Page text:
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30,000 strong: Why it's so important that the rally for life crowd doubled expectations

What a wonderful, uplifting, inspiring day. The sun shone on 30,000 people who packed O’Connell Street for the Rally for Life, and they came in their droves to send a strong, powerful message to the government – we want our mothers and babies to have constitutional protection from abortion.

We were expecting a crowd of 15,000, but, as 2 o’clock came, and streams of people poured into the area around the Garden of Remembrance, and then pressed into the Rally as it began to make its way down to O’Connell Street, it was clear that this march was going to exceed all expectations.

It was packed: a huge crowd filling O’Connell Street in the sunshine, coming to celebrate life and to stand against abortion. Thousands of young people led the Rally, with banners and flags held high, and then came the red open-top bus with rapper Evans Junior lifting the crowd, and then tens of thousands of people of all ages: kids in pro-life tshirts up on their dad’s shoulders; grannies wearing Rally for Life sunglasses; mothers with buggies and placards saying ‘Love Them Both’; masses of people waving ‘Every Life Matters’ and ‘I Vote Pro-Life’ signs; a truck with balloons and team of young people leading the throng behind them to say, ‘I say Pro, you say Life’ and ‘Hey, Hey, Ho, Ho, Amnesty has got to go’.

It was a sea of colour, a carnival of pro-life pride, and it took a full 90 minutes to pass the centre of Dublin city centre, as shoppers applauded the Rally and joined in to show support.

“You got a bigger crowd than you expected,” the Inspector from Store Street said to me as we watched the Rally come down O’Connell Street. Gardaí confirmed that the crowd was between 25-30,000 – a simply astonishing number to come out in support of any issue, but all the more remarkable given lack of media coverage for the pro-life cause.

The Rally doubled our expectations – and the power of that response will not be lost on the political parties who are at this moment sounding out the electorate in regard to extending Ireland’s abortion laws.

As we pointed out in media interviews around the Rally, the size of the crowd showed that the intensity of feeling amongst pro-life voters has remained very high. The number of people engaged with the pro-life movement is increasing, and that will have a major impact on the Vote Pro-Life initiative in the next election.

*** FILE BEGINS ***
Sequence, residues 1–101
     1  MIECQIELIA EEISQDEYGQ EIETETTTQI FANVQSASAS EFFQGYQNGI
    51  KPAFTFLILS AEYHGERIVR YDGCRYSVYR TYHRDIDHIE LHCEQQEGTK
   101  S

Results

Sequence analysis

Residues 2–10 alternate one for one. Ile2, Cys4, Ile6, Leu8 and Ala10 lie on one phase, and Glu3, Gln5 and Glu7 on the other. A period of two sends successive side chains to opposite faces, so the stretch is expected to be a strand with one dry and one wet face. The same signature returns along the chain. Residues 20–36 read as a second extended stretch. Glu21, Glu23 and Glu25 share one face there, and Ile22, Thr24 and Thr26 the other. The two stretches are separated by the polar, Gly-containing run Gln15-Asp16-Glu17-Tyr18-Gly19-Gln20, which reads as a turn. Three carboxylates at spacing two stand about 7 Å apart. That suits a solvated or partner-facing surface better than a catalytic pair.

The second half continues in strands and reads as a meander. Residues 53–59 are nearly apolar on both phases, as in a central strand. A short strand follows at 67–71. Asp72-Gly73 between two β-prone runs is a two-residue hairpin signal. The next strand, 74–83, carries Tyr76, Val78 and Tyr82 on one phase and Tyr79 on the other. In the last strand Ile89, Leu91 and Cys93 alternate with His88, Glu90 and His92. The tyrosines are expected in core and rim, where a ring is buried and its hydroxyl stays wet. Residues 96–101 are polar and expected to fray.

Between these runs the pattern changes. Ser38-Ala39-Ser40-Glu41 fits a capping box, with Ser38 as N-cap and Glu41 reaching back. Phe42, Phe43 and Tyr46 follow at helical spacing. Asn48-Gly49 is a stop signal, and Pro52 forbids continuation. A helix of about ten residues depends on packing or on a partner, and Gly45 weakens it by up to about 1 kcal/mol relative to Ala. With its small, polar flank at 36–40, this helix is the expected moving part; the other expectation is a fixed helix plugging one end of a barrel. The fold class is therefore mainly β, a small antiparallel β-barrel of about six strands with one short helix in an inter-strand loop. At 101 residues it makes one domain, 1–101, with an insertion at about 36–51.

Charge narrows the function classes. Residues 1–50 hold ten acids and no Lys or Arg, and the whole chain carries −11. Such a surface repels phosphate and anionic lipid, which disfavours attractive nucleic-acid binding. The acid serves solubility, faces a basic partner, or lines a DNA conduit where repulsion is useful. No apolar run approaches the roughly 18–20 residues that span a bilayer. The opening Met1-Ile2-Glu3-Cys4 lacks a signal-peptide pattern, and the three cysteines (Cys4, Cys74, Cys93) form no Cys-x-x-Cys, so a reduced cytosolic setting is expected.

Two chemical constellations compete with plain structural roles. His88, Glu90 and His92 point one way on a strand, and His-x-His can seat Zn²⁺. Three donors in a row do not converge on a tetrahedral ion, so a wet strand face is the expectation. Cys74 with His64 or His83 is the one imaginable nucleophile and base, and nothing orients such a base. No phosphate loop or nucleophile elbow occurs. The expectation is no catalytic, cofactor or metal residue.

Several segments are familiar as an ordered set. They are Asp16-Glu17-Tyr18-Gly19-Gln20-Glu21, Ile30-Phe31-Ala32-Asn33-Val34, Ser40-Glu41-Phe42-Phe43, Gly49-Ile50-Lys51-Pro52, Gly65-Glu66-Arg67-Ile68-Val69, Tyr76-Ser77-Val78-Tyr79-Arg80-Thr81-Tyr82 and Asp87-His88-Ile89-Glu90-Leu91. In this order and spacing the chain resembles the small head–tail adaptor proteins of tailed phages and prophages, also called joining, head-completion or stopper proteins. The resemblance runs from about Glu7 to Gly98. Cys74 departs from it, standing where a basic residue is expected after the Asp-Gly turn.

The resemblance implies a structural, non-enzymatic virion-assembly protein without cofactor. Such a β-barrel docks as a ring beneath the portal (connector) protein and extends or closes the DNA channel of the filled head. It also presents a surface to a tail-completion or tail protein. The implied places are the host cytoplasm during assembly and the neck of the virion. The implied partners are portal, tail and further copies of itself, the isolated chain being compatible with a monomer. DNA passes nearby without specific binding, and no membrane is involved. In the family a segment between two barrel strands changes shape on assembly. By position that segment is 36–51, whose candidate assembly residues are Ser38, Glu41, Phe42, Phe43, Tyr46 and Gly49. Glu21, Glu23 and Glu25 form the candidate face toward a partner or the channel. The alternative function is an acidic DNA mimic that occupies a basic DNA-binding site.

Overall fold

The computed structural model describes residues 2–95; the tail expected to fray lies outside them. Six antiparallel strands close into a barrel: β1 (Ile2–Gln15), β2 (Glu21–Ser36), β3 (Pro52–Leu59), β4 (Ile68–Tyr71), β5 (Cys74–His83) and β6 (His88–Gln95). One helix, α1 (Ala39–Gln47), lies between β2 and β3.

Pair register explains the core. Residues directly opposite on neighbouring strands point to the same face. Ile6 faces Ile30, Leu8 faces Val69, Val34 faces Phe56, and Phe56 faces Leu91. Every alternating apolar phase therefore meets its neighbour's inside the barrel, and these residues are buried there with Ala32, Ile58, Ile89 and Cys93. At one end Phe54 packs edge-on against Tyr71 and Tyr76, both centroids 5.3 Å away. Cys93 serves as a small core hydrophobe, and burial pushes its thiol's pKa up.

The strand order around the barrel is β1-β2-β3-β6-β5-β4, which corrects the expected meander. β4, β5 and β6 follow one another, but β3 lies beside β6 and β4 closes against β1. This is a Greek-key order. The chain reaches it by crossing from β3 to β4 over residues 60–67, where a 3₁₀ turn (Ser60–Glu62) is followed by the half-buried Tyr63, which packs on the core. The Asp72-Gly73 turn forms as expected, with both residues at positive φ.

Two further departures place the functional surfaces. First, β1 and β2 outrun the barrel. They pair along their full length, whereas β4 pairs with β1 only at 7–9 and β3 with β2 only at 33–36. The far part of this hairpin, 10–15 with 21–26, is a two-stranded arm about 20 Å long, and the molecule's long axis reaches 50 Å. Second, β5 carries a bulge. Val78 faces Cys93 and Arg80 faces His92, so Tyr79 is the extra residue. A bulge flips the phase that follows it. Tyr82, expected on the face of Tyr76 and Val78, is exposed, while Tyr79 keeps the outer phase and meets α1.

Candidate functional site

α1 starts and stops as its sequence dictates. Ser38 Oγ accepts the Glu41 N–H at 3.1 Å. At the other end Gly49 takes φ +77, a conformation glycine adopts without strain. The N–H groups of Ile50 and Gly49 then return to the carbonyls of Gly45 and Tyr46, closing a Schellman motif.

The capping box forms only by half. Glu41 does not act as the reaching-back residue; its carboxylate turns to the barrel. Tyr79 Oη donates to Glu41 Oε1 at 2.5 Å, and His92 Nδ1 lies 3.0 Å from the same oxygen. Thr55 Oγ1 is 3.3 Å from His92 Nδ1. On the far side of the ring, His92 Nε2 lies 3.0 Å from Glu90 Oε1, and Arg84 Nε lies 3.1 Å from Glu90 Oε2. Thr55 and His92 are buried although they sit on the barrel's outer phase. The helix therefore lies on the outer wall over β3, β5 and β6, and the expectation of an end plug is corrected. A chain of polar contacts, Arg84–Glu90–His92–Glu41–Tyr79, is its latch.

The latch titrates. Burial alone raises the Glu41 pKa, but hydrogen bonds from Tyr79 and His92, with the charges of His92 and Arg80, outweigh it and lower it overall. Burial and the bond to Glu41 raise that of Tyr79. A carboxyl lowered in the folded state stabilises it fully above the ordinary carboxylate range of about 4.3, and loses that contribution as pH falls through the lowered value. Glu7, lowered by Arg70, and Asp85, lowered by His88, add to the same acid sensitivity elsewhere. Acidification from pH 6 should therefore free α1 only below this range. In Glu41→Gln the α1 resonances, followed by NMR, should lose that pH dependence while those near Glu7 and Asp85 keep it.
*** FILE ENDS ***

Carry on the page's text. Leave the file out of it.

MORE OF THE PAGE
There isn’t a political party who wouldn’t wish for the young, energetic, committed following who rocked the Rally for Life.

In fact, in stark contrast to the Rally, calls to repeal the 8th Amendment are not backed by any major public demand for a change to the law. Marches for abortion, despite the support of the media, political parties and trade unions, can only muster a fraction of the crowd at the Rally for Life. Remember the rallying cry of the Labour Party a few weeks back, when increasingly-desperate Minister Aódhán Ó Riordáin said that ‘a vote for Labour was a vote to Repeal the 8th Amendment’? Labour are at between 5 and 8% in the polls, and their increasingly extreme support for abortion is getting them nowhere.

At the Rally, Mary Bridget, Kevin, Grace, Joseph and their families struck a powerful chord as they spoke up for the right to life of all children with disabilities, as did Mandy Dunne who moved everyone to tears when speaking about the tremendous love her family showed for baby Muireann who lived for 6 weeks after birth with Trisomy 13.

They were cheered and loved by 30,000 people who came to Rally for Life, and who will play a vital role in the next election, and in ensuring that mothers and babies are given love and support, not abortion.



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